Before Mimesis. Reflections on the Early Greek Technologies of Looking

Dimitris Plantzos


Material agency has been puzzling archaeologists for almost three decades now. The idea that artifacts, a priori perceived as passive and inert ‘creations’ subject to human volition, have the capacity to interact with their makers, users, or viewers may be seen as a challenge to archaeologists and their inherently humanist discipline. Classical archaeology, and the study of Greek and Roman art in particular, seem to have been avoiding the issue, choosing instead to privilege artistic agency or – in more recent years – a cultural-historical discourse primarily informed through linguistics and sociology. This paper explores the concepts of materiality, agency, and personhood as cultural mediators in order to investigate the ways Greeks interacted with the images they created. Through a number of case studies borrowed from the wider repertoire of early Greek ‘art’ it is argued that artifacts are invariably conceived as animate entities, at least in early Greece; moreover, that technologies of representation in early Greek art (what art historians understand as ‘styles’) are devised and promoted as cultural agents within Greek society.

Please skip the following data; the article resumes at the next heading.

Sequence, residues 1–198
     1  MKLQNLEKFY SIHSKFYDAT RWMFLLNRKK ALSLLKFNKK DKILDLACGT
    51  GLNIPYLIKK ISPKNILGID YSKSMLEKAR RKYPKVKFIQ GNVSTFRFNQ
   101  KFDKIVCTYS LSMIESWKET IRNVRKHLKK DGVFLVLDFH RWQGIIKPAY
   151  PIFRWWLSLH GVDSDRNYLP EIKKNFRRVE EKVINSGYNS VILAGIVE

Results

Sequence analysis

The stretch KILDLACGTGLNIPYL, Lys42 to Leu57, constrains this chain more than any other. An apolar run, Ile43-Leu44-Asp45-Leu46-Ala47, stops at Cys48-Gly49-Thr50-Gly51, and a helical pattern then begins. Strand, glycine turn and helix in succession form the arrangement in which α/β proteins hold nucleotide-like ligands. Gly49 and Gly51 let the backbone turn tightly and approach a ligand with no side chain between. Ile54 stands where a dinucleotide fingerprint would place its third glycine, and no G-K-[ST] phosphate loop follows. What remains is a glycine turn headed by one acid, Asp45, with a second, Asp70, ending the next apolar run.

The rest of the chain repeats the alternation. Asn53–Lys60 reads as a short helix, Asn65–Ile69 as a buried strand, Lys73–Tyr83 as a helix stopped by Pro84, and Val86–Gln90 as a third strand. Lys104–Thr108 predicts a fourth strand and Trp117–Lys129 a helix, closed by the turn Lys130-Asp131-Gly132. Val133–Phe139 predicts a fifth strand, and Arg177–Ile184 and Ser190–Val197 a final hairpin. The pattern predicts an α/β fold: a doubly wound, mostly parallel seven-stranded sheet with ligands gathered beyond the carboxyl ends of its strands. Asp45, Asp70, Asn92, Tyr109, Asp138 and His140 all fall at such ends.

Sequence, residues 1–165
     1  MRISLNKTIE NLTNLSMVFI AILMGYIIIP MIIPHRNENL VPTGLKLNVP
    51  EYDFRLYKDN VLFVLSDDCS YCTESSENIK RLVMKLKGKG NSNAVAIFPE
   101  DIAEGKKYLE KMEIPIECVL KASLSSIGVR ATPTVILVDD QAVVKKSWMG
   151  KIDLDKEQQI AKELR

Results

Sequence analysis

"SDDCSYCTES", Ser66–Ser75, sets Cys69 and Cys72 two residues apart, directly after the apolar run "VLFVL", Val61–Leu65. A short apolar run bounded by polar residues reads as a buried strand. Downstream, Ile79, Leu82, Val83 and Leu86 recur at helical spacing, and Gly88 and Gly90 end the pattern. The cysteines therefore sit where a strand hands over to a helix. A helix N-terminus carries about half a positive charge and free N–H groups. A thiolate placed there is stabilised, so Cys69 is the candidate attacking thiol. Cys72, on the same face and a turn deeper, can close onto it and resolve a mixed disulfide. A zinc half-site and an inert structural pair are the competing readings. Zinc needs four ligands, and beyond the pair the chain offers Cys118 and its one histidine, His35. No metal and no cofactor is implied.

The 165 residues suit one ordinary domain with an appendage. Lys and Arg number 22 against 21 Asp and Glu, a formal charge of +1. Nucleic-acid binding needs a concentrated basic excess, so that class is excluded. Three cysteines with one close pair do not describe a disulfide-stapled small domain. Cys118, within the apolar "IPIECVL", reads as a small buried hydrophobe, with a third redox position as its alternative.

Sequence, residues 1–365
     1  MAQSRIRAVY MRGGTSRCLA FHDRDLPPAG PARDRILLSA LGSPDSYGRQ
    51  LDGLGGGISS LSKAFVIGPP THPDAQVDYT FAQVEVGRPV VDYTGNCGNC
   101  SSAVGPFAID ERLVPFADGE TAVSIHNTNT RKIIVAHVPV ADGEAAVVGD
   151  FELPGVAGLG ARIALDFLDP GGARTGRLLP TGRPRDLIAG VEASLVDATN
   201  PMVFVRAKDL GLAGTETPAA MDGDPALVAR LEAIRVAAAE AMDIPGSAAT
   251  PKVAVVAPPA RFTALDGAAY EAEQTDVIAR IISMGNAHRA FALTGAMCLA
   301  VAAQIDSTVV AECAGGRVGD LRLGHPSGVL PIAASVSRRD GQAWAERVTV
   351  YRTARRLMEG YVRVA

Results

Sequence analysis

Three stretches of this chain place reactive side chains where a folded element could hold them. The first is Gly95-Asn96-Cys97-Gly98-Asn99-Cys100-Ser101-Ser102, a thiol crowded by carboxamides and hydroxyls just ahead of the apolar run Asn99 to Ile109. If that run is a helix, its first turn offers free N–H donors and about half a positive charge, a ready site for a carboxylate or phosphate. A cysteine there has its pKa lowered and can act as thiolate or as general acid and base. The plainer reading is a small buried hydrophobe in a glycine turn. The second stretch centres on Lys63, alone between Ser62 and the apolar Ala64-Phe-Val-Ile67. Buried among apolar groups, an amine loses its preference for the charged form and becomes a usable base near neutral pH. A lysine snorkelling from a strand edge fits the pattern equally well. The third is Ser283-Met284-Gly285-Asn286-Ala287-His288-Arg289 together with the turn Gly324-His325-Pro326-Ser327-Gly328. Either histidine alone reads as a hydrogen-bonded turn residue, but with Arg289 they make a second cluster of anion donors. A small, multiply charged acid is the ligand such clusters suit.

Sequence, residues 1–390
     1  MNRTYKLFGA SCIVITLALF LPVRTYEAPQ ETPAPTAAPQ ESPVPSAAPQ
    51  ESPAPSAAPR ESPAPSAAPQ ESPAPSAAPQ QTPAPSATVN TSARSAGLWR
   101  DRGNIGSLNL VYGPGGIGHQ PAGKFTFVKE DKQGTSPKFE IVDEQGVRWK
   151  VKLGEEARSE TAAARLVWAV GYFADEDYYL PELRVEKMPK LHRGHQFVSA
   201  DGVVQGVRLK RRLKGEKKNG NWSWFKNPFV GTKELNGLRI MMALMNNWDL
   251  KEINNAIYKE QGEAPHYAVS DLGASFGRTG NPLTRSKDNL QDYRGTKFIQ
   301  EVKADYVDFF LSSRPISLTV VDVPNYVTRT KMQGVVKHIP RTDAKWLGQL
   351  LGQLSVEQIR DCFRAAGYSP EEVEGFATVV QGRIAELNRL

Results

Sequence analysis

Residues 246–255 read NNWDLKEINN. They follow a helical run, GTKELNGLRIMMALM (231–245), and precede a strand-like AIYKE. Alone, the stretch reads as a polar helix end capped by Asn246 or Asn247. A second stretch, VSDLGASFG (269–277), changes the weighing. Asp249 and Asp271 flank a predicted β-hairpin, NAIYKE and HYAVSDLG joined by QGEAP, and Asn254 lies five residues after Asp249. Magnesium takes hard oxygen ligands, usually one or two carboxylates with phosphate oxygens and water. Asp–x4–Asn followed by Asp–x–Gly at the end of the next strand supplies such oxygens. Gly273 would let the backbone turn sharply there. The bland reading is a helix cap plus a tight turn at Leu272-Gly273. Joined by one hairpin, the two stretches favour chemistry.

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ISSN: 2623-3428 (digital), 2623-3436 (print)

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